Edward Sedgwick [parents unknown]
Emma Rose [parents unknown]
According to "family lore" Edward Sedgwick was born in London (census records show only England), that Emma Rose was the daughter of English parents who had a plantation in Jamaica, that she was sent to England, and that she and Edward were married there. It is unknown whether Rose was her surname or a middle name.
One "Edward Sedgwick & lady" arrived in New Orleans on March 13 1847, Brig Lyra, from Kingston, Jamaica.3 These is no doubt this Edward and Emma, as their first son was born in Louisiana within about a year of that date.2 Their arrival from Jamaica makes it a possibility that they were married there, or they may have stopped to visit her parents on the way to the United States. An Edward Sedgwick of East Baton Rouge Parish, Louisiana was naturalized at East Baton Rouge on May 20, 1856.4 This is likely to be this Edward, as family records indicate he had moved to New Orleans.
When they moved to Goliad County, Texas, they are believed to have lived near Berclair, about fifteen miles northeast of Beeville.
Descendants / Researchers:
Joyce Williams Blackman
1. Records of descendant/researcher of this family
2. Census records, any of those indicated.
3. New Orleans Passenger Lists March 1847
4. Records of the Immigration and Natuarlization Service, New Orleans District Office
5. Texas Marriages, 1851-1900
6. Newspaper Obituaries
7. Texas Deaths, 1864-1998
A portion of an e-mal message from Joyce Williams Blackman:
Edward Sedgwick was born in London, so goes the family lore. He grew up there and he married Emma Rose. Whether Rose is her middle name or her maiden name I don't know. There is quite a story about her growing up in Jamaica, daughter of English parents who headed a plantation there. Unfortunately, I could find no information about her there by correspondence; that was some years ago when I was trying to learn more. The story goes that she was sent back to England and there she met Edward and they were married. I did not discover their marriage date but learned there were other Edward Sedgwicks there, none of the right generation to be this Edward. They came to America in the late 1840's, presumably to New Orleans, but I found no ship record on the microfilm I searched. They moved northward to a plantation where they are listed on a census (not sure if 1850 or 1860) and it appears the children, Daniel and Alice, were born there. Later they lived in New Orleans where Edward is listed in a city directory as a draysman. From there they moved to Texas and were living in Goliad Co. when the Smiths were also living there. It is said they lived near a place called Berclair. There Julia Smith married Daniel Sedgwick, but stayed with him only a brief time. They had the one daughter, Mary. Julia moved with her folks when they moved to Atascosa Co. She left Mary with her parents when she married James Milligan and moved to north Texas to "Red River". I'm not sure where in that area they lived. She had a son, Elmer, and also was said to have another child or two who did not live. When her husband died, she returned to Atascosa Co. Edward and Emma died in Goliad County and are said to be buried in a small cemetery in the country. From what my uncle said, it is not easily accessable; he worked for a gas company and inspected pipes for them, and he was in the area but did not go to the cemetery to confirm that they were buried there. Daniel, not remarried, and Alice and her husband, Henry Clay Young, moved from place to place and lived in several parts of Texas before the Youngs settled in Edwards County. Daniel died in southeast Texas, a town called Sealy, it is said, but I have not found any trace of him in that area; likely he had no gravestone as the family at that time was quite poor. It is said that Edward had interests in the London Water Works and that Mary Sedgwick, at a young age, signed away her rights to her share in this to her Aunt Alice. Whether or not Alice gained anything from this inheritance I don't know. I found nothing regarding it. However, my research was limited to bits of library research and correspondence with county people...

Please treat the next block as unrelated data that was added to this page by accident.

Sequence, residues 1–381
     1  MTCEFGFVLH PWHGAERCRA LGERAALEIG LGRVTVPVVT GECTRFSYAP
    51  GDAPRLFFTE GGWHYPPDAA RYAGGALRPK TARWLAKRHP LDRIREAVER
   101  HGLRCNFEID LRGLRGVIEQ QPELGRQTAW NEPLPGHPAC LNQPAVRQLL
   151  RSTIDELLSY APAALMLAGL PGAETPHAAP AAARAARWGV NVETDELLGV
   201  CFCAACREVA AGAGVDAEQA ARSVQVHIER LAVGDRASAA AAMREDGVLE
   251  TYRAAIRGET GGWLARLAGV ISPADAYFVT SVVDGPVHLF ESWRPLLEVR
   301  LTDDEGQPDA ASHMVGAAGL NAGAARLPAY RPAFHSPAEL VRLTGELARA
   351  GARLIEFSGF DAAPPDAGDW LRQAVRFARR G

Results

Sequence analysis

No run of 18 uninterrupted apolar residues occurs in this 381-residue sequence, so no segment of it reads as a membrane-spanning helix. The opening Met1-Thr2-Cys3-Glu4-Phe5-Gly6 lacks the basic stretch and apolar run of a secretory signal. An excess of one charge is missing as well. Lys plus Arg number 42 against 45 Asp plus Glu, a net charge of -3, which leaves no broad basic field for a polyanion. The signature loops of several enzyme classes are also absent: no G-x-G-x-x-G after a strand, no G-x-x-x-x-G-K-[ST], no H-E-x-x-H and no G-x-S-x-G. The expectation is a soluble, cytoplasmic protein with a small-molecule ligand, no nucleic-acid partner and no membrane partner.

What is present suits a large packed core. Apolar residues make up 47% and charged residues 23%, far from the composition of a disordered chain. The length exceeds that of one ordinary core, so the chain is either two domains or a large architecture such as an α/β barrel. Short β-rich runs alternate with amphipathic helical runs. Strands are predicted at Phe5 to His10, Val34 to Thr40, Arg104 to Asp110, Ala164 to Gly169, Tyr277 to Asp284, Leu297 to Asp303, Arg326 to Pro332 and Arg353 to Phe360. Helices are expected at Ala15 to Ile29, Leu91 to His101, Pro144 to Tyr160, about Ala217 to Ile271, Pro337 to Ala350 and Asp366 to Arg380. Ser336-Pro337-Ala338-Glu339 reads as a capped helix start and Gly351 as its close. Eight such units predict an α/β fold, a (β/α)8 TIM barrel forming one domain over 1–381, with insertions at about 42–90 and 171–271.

My grandmother, Mary Sedgwick Williams, did not talk much to me about her family. I did not write down much that she did tell me. It is said that she was sent to college by her grandfather, Cornelius Smith, and that she taught school a while before she married William L. Williams. He was an uneducated man, having no schooling that I know of, having been put in a sheep camp to stay with the sheep at the age of nine and remaining there several years until he ran away. Grandmother tried to teach him to read and write but he was an unwilling pupil and he could barely read anything and could write nothing but his name. He did farming and ranching but never owned any land. The family lived in Atascosa Co., San Marcos on a dairy, in Dewitt Co., in the Rio Grande Valley, and in their late years in Bexar Co. W. L. and Mary are buried in the Sunset Memorial Park in San Antonio. Julia is buried in the old cemetery, Smith-Borrego, in Atascosa County on land that either was on or bordered the Smith Ranch. When I was there in the 90's, there was only a dirt road through the ranch, long ago bought outside the family, which wound and twisted to the cemetery. The only sign of improvement was a high, strong fence around the cemetery. Trees and bushes had grown so tall they covered many of the graves, and Julia's was almost covered by a bush.
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